Worcester Business Journal
Since it was founded as the Thomas Babb Insurance Agency in 1917, the Knight-Dik Insurance Agency has seen plenty of changes in both its industry and Worcester over those 100 years, all of which have been all spent in various offices in downtown Worcester.
How did you know this was your 100th year?
We knew roughly how old we were, but we didn’t know until the fall of last year exactly how old we were, believe it or not. Unless a business owned property back in that day, it is very hard to find records. We kind of lucked out. We found records through a business journal of Thomas Babb, when he was a financial planner and when he showed up in that diary to show when he became an insurance broker.
Then we were able to find an advertisement on eBay from 1917 to prove the date. It is interesting; someone just searched for Thomas Babb and found this caricature that was in a book. Finding something like that is just absurd. From there we tracked the Babb Agency’s whereabouts. It moved a couple of times, but it was all downtown.
We found that out in November, so we had a month and a half before we realized we were entering into our 100th year.
How did you end up joining the firm?
It was my grandfather, Harold Knight, who bought the Babb Agency in 1948. He ran it as the Harold Knight Agency until my father came in, and they ran it for a couple of years before they incorporated it in 1962 as the Knight-Dik Agency.
I c ame aboard in May of 1981, as the third generation. My son, Chris, came in 2012 as the fourth generation.
How has Main Street changed?
I’ve been through a handful of attempted revitalizations of downtown and have seen more of them almost get there but get knocked back by a recession or a real estate bust.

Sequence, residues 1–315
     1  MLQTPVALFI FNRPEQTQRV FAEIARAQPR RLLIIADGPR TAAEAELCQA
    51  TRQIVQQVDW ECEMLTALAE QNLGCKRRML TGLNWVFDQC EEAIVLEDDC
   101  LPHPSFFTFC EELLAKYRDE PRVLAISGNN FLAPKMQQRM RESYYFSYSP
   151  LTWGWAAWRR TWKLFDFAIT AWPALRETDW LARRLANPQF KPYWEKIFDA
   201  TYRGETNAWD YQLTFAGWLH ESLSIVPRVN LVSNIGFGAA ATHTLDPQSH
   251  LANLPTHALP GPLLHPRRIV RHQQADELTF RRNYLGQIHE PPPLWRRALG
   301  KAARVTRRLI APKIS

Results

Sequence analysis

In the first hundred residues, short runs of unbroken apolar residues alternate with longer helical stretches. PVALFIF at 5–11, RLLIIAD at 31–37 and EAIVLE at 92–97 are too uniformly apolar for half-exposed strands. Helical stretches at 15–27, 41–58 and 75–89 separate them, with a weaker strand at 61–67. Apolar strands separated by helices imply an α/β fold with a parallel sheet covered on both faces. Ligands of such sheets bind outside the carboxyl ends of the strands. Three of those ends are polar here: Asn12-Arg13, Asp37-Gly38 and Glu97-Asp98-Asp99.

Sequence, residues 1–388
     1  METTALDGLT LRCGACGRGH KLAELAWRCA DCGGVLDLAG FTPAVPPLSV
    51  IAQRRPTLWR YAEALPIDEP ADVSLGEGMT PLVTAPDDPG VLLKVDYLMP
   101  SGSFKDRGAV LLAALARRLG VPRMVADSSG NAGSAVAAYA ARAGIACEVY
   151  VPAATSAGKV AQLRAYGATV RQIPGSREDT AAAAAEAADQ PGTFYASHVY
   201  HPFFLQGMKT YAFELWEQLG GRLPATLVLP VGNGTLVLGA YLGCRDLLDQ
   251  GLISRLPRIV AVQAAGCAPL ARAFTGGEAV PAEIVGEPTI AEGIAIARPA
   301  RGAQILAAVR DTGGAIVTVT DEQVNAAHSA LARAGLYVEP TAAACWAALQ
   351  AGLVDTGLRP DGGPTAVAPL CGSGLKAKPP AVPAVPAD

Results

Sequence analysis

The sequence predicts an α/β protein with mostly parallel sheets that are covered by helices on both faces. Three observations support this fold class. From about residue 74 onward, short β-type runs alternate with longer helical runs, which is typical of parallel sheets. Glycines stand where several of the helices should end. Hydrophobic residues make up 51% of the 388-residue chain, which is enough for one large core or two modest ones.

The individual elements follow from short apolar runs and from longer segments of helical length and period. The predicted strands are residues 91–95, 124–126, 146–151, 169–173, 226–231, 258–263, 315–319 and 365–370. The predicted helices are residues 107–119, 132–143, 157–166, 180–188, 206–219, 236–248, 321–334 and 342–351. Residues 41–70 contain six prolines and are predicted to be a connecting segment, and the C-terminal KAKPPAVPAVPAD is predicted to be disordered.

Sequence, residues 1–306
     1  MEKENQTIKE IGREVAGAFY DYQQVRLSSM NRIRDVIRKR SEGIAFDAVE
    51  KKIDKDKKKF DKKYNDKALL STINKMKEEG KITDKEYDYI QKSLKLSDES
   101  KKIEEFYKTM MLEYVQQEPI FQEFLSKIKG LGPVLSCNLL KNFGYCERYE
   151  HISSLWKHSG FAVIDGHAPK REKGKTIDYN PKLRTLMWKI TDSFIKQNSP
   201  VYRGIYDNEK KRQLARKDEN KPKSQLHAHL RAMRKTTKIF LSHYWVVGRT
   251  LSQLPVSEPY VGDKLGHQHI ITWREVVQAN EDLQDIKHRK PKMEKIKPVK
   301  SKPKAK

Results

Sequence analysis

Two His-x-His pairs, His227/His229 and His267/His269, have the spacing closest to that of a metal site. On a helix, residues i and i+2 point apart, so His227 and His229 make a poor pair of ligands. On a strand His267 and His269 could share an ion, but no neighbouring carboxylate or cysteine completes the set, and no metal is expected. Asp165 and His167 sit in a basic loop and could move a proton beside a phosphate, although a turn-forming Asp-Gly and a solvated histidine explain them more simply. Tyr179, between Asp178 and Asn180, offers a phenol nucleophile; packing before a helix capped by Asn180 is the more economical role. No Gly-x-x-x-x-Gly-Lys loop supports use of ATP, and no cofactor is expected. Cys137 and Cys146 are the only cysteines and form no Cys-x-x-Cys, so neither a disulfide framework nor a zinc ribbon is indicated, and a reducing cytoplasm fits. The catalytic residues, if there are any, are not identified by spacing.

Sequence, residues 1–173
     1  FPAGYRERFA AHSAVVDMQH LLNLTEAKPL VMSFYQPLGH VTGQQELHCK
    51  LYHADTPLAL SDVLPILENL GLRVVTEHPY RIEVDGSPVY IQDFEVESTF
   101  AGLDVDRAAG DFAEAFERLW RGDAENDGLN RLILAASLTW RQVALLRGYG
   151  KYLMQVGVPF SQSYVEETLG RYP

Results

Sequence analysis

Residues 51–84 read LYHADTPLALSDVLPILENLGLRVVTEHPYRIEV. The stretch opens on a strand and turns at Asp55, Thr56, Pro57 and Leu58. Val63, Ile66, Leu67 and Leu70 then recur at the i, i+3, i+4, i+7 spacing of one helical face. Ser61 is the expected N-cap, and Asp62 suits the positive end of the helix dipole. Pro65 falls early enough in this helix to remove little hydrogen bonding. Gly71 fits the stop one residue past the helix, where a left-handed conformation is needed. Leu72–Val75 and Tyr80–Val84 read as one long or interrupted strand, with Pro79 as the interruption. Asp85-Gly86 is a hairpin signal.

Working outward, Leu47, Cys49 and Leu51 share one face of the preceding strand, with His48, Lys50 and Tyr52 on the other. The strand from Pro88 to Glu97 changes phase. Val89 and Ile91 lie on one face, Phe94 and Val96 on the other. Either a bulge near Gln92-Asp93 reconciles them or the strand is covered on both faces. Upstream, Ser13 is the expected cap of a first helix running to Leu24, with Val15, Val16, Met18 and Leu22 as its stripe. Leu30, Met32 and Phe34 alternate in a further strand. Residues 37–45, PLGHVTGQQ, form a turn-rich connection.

I don’t honestly think I’ve seen anything near as successful as what we are going through now. To me, it is the outside interest in Worcester, it is the outside interest in downtown, it is the number of restaurants, it is the Massachusetts College of Pharmacy and Health Sciences bringing people downtown, people walking downtown early and late turning this into an 18-hour city; and then the really heavy investment like The Grid District; the breakthrough to Shrewsbury Street, which really opened up downtown; and finally having a hotel – actually two hotels – downtown because the fact that we were a city without a downtown hotel really spoke to something.
I’ve never seen downtown more alive. I am glad we are here and glad we are part of it.
How has the agency changed since 1981?
Geographically we are serving clients who are much further away from our base, which makes our footprint much larger. We are serving clients in a number of states.
The next change is how we do business; our technology has finally impacted our business in a positive way. Our industry is really slow in taking advantage of technology. For the longest time, we were a paper-based industry, and then we became a digital-image and a paper-based industry – not giving up one for the other – because the basis of the industry is antiquated. It took a long time for us to move past some of those requirements.
Technology initially was a downside, as we didn’t get any efficiency from it because we had to do more things. It was a long, long process for that to be an advantage. Now, we can communicate faster, we can serve customers better, and we can serve customers where they are instead of being this slow, antiquated, paper-based industry that we always have been.
What will the next 100 years bring?
The future is really what we are putting a lot of focus on. Like any other business, things are changing very rapidly.
We are very comfortable with who we were and our position in the insurance industry. That has changed. We are a firm believer that growth is critical, and we need to grow bigger faster. There is a real relevance in doing that in order to access for products and services for our customers.
We are in a pretty aggressive plan to grow fast. That is exciting.
Why must you grow?
Our industry is constricting. There are a lot of buyouts, and there are fewer and fewer agencies. As that continues to happen, we know we need to be a larger player and continue to work on our uniqueness to make sure we really fit within our space in the industry.